Even pepper spray does not stop everyone, but it will stop the majority of everyone and that would be enough to have time to get away. Also, if you just do not like the vibe of a place you are at then you are using your awareness skills to avoid any problems,

Here are some videos to help with this subject.

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Getting gas or other normal life situations USED to be like going for the mail.
Lately things have gotten so out of wack that my way of life, although somewhat unorthodox, serves me well. I leave the house, I am the predator! It’s my lane, my highway, my gas station, in essence it’s my “turf”. I’m continuously scanning the area even while in my car, it’s tiresome, I just don’t want to be the guy that says, “he came out of nowhere”! I’ll know where he came from and where I stopped him!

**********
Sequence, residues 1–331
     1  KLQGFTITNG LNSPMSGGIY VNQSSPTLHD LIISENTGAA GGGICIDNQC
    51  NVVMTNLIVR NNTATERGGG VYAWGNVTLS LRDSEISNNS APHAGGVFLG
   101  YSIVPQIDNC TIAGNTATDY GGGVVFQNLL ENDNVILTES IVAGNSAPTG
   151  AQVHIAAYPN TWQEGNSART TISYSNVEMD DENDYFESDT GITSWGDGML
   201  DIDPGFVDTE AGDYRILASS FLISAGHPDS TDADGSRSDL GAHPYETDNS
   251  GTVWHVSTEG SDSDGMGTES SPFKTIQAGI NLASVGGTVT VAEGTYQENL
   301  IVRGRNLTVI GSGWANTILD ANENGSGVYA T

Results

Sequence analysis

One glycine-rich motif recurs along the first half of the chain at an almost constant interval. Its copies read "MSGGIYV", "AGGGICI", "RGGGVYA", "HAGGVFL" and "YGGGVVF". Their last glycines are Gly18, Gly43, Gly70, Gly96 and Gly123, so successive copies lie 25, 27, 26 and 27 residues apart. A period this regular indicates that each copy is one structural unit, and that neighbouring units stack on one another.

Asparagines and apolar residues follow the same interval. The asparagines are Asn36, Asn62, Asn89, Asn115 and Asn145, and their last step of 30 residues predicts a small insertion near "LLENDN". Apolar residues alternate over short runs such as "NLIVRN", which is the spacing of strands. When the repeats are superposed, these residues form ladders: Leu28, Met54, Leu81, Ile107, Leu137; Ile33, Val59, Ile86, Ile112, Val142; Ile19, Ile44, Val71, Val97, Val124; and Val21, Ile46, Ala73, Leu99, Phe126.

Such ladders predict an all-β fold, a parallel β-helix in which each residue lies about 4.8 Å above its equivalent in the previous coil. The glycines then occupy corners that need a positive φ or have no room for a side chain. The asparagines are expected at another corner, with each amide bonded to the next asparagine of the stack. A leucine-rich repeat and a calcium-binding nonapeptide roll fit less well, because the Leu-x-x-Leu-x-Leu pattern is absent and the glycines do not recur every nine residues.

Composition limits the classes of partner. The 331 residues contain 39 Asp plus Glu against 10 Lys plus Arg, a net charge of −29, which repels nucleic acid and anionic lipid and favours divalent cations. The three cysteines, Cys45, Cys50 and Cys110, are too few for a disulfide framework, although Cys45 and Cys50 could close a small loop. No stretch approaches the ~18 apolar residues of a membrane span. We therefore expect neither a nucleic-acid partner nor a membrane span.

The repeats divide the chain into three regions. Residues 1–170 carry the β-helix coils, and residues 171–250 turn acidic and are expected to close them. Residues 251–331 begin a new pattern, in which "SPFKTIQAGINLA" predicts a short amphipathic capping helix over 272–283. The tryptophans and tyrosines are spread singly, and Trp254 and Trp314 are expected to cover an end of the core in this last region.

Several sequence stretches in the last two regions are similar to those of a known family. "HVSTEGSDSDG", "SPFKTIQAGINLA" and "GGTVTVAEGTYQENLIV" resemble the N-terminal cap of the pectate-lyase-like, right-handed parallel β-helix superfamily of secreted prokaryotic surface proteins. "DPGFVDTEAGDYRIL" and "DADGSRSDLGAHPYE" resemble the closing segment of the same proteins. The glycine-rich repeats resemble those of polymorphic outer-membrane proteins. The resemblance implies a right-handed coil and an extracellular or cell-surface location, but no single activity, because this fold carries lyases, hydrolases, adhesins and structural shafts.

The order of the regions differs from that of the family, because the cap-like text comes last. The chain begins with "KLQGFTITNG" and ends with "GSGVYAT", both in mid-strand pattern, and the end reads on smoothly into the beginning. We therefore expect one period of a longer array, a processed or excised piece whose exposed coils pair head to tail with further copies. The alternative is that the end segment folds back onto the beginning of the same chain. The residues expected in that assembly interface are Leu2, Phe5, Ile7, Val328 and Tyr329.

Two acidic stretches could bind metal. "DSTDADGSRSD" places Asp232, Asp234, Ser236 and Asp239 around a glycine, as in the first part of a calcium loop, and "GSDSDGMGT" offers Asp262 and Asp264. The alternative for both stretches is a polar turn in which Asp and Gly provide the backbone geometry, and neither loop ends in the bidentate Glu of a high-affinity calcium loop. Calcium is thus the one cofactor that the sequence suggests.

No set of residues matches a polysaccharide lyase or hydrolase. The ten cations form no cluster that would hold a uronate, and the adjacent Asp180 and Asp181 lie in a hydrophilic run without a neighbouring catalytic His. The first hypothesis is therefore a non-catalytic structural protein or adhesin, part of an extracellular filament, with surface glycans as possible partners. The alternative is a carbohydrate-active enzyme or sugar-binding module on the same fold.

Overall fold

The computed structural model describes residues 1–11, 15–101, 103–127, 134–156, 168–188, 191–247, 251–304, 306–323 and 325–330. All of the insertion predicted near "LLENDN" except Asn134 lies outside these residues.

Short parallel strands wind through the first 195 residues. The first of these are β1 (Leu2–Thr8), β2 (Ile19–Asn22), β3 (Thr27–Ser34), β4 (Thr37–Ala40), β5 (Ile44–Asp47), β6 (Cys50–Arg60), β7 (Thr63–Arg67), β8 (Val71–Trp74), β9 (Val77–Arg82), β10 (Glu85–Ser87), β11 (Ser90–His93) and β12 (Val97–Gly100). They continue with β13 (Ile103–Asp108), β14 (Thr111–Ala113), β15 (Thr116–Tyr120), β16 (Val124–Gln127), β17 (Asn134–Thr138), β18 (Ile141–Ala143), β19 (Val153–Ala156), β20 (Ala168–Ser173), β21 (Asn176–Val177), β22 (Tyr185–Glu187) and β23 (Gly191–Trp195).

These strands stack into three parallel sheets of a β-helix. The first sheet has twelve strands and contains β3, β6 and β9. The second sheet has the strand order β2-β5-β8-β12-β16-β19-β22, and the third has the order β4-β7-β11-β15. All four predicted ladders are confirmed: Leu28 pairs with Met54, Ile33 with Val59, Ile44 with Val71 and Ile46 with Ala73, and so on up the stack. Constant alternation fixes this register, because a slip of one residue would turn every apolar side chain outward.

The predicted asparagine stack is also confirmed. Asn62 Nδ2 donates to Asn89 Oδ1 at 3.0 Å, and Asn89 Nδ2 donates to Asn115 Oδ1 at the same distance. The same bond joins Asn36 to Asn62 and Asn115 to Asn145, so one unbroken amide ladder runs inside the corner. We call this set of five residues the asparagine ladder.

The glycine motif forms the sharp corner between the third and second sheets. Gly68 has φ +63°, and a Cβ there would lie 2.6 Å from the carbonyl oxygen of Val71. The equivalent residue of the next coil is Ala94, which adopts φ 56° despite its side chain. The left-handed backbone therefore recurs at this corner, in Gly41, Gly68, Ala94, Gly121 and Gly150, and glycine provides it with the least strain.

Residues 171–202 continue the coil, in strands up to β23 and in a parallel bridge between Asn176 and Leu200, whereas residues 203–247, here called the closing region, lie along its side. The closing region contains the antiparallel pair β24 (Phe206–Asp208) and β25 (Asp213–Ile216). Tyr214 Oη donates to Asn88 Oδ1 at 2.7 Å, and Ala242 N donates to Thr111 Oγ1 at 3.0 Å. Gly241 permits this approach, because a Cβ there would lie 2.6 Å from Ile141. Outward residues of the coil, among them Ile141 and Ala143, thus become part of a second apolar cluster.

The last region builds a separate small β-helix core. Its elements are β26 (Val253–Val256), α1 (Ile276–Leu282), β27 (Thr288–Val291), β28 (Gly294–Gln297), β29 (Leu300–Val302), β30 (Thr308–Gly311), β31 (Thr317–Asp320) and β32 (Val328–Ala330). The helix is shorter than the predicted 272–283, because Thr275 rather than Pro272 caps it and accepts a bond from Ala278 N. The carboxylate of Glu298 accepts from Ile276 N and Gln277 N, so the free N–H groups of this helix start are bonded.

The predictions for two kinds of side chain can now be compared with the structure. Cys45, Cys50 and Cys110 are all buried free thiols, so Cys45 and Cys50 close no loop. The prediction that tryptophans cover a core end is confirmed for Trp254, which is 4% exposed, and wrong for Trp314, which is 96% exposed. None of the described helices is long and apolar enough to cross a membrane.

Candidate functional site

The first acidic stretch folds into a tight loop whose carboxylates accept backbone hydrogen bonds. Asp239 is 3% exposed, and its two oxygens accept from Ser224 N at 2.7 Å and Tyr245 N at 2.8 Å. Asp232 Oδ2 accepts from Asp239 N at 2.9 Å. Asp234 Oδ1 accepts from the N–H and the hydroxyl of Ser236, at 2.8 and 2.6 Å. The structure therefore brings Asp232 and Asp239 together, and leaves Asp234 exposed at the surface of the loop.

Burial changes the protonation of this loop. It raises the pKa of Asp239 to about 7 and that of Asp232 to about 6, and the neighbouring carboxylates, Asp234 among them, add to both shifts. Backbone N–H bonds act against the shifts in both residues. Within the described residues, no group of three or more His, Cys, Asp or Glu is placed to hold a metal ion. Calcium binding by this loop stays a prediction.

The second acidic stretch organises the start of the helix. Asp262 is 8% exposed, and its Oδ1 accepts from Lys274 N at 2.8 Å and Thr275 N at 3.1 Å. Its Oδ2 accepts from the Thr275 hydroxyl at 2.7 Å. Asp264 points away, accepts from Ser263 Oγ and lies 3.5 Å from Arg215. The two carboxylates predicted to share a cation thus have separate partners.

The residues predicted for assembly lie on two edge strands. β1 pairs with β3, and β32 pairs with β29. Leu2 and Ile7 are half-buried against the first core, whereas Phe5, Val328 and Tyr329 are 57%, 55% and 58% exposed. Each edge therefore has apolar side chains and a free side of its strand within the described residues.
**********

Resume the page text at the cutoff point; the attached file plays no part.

I hope the lawyers and such are not thinking that I’m look for trouble, I’m scanning for trouble, I think there’s a difference!

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Thanks for the vids. Yes, those can be more vulnerable places and situations. Some with less lighting, secluded. Vehicles, and homes are attractive. Exposes us to a crime when it allows the perpetrator easier access to our property, and or wallets if carried. Blind spots for us. The commentator in the video had some good suggestions.

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Still is. Nothing special about going for the mail The second we open our front door, we are exposed to the world — same as ever. Even behind the closed door really. Always was.

Whether one’s world is objectively more safe, less safe, or about the same, probably depends a lot on one’s location and individual vulnerability. A general sense of subjective “more danger” probably correlates positively with exposure to media hyperbole. May or may not have anything to do with increasing numbers or increasing badness of bad guys afoot in the world.

When I leave the house, I am the prey.
The :rabbit2: prevails by being smarter, not stronger. Persisting in the face of adversity; fighting with skill and will when pressed; avoiding and evading when practical; always alert; always finding a way; enjoying the sun; enjoying the dark. :carrot: